When I started working at The Appalachian, I figured I would stay for a couple months and then leave, having a little something to tack onto my resume.
That was simply not the case, and in the past two years, I quickly found myself transitioning from the graphic design desk to the news desk and then on to become the chief copy editor and finally, the managing editor.
Looking back, I think it would be easy to laugh at how intimidated I felt when I began working here. Everyone seemed so talented and I didn’t even know what desk I wanted to be on, where my passions lied, and I really didn’t know what I was going to do with my journalism major.
But this is what The Appalachian has given me: a narrowing of my passions and the confidence and connections to achieve my goals. The Appalachian has taught me about the power of asking questions and listening to people tell their stories, proving that though people may say journalism is dying, storytelling is vital to human connection, and that my journalism major actually has an important purpose.
Learning to be a better journalist has taught me to be a better friend: listening closer, paying attention to the tone of someone’s voice, asking the bolder questions, and with this, being encouraged that the world isn’t as terrible as it sometimes may seem.
The Appalachian has done great and innovative work with the newspaper redesign and the switch to better feature writing. I know this place will continue to grow and change as the journalism field changes. This place has helped so many people discover their passions and through trial and error projects, learn how they can carry them into “the real world.”
Going into this “real world,” yes, my resume does feature many positions at The Appalachian, but when I think of my time here, it isn’t about my resume.
The very first time I walked into the newsroom I was given a single goldfish by the former business manager, Paul Heckert. I think this quirky gesture has stuck with me because it made me feel comfortable and welcomed, allowing me to be myself up front. This office is a hodge-podge of people, with their individual quirks, all of which I have come to appreciate and look forward to each production day.
The fact is that I haven’t been a part of The Appalachian as long as many of the other graduating seniors, and I wish I would have started worked here since the moment I arrived at Appalachian State. But with the time I have spent here, the only words that can sum up what I really want to say are simply, “thank you.”
Thank you to Malik Rahili for convincing me to join the graphics desk when I just shrugged my shoulders when asked what I wanted to do. This allowed me to jump into the editing process and learn the newsroom atmosphere early on, making it much harder to leave and write this experience off as just a resume-builder.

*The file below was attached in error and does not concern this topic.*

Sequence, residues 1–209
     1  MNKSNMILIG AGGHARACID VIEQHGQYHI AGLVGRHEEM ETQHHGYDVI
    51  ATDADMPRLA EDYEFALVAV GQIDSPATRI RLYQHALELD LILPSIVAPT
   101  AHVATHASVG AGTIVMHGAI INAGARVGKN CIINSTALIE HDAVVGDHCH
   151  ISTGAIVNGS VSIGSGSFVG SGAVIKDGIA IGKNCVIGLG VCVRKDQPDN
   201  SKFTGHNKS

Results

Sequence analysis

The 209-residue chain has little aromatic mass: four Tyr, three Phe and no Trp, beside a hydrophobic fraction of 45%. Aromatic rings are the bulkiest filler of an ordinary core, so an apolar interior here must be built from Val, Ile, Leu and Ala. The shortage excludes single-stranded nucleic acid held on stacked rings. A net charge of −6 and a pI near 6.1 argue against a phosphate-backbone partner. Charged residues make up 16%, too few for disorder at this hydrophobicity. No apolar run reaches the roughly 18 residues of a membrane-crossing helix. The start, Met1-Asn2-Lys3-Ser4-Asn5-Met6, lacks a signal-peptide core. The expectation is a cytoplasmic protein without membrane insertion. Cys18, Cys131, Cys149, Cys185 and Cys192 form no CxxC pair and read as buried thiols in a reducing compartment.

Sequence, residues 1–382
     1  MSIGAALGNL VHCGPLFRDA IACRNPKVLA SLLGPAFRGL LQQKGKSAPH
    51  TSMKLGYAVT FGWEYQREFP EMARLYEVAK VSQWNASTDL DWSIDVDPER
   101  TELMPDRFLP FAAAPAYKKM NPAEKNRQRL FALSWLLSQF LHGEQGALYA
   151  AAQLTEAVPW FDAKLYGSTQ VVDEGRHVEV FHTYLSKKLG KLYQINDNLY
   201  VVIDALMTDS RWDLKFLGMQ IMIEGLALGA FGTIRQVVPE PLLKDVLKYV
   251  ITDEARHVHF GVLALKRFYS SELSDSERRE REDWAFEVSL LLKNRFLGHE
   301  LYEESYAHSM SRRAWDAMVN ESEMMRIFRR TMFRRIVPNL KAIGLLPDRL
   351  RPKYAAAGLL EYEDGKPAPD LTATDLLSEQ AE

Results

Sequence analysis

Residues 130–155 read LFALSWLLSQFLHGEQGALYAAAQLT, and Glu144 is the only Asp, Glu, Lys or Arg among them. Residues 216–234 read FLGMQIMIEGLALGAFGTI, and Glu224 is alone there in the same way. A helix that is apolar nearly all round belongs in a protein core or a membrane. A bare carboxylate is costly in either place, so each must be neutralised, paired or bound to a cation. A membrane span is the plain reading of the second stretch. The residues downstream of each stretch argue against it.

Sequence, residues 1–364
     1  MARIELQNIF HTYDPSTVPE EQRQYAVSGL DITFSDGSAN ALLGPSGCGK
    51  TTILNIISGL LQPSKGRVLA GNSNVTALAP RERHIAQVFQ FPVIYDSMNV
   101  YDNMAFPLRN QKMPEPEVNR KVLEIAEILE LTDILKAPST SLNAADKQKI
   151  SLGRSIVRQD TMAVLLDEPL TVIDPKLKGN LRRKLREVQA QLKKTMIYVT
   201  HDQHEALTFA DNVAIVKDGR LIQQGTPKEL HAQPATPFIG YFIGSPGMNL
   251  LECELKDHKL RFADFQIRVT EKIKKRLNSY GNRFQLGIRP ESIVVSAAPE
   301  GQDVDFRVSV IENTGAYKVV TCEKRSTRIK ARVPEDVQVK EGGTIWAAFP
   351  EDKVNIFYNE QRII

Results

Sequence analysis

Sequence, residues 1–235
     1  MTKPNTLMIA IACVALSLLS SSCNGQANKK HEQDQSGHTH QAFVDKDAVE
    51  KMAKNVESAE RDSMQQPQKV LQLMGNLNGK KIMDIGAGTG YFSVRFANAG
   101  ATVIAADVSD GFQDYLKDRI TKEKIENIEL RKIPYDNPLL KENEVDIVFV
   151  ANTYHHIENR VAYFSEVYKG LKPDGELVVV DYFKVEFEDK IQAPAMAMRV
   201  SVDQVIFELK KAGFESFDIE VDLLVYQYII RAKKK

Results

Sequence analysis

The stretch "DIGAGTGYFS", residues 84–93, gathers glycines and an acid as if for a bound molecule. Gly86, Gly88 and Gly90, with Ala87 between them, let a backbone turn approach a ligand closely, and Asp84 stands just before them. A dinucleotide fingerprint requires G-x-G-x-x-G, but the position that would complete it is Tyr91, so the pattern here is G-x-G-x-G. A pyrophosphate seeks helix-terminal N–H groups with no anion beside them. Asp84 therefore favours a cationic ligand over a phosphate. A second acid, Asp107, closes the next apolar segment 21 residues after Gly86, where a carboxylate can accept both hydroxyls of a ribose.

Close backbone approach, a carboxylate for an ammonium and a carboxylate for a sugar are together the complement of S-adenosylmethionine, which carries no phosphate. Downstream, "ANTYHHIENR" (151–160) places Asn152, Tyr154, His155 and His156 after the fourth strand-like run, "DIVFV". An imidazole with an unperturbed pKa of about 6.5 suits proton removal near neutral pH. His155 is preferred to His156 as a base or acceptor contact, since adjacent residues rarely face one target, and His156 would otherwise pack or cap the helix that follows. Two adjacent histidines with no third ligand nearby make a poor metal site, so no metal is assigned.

Thank you to Stephanie Sansoucy for welcoming me and my funny stories. Your drive to represent The Appalachian well, your friendship and your hilarious remarks in the newsroom mean more to me than you know.
Thank you to Andrew Clausen for passing the managing editor torch on to me and understanding the lack of sleep, frustrating moments and the odd love-hate relationship with this newspaper that comes with this position.
Thank you to Aleah Warner for closely editing all the stories and caring enough to work with reporters so they can become better writers. Your position this semester as chief copy editor is a tedious job and the hard work you have done has not gone unnoticed. Thank you for understanding my AP Style and grammar language, and for your leftover Wendy’s chicken nuggets. I wish you well as managing editor next year, and have a good feeling you’ll leave a lasting impression at The Appalachian.
This newsroom has become my home, both in the sense that I am here five out of seven days a week and because of the people that are here. These people speak my journalism language and have accepted me as I have grown in the past two years.
I have transformed from the quiet graphic designer who came in to silently lay out a page and leave, to the managing editor who talks in weird voices when production goes past 11 p.m. and who comes into the newsroom on days she doesn’t have to out of pure habit.
So, again, thank you to everyone at The Appalachian for two great years. I am sad to leave, but excited to see what the years to come will bring for this publication.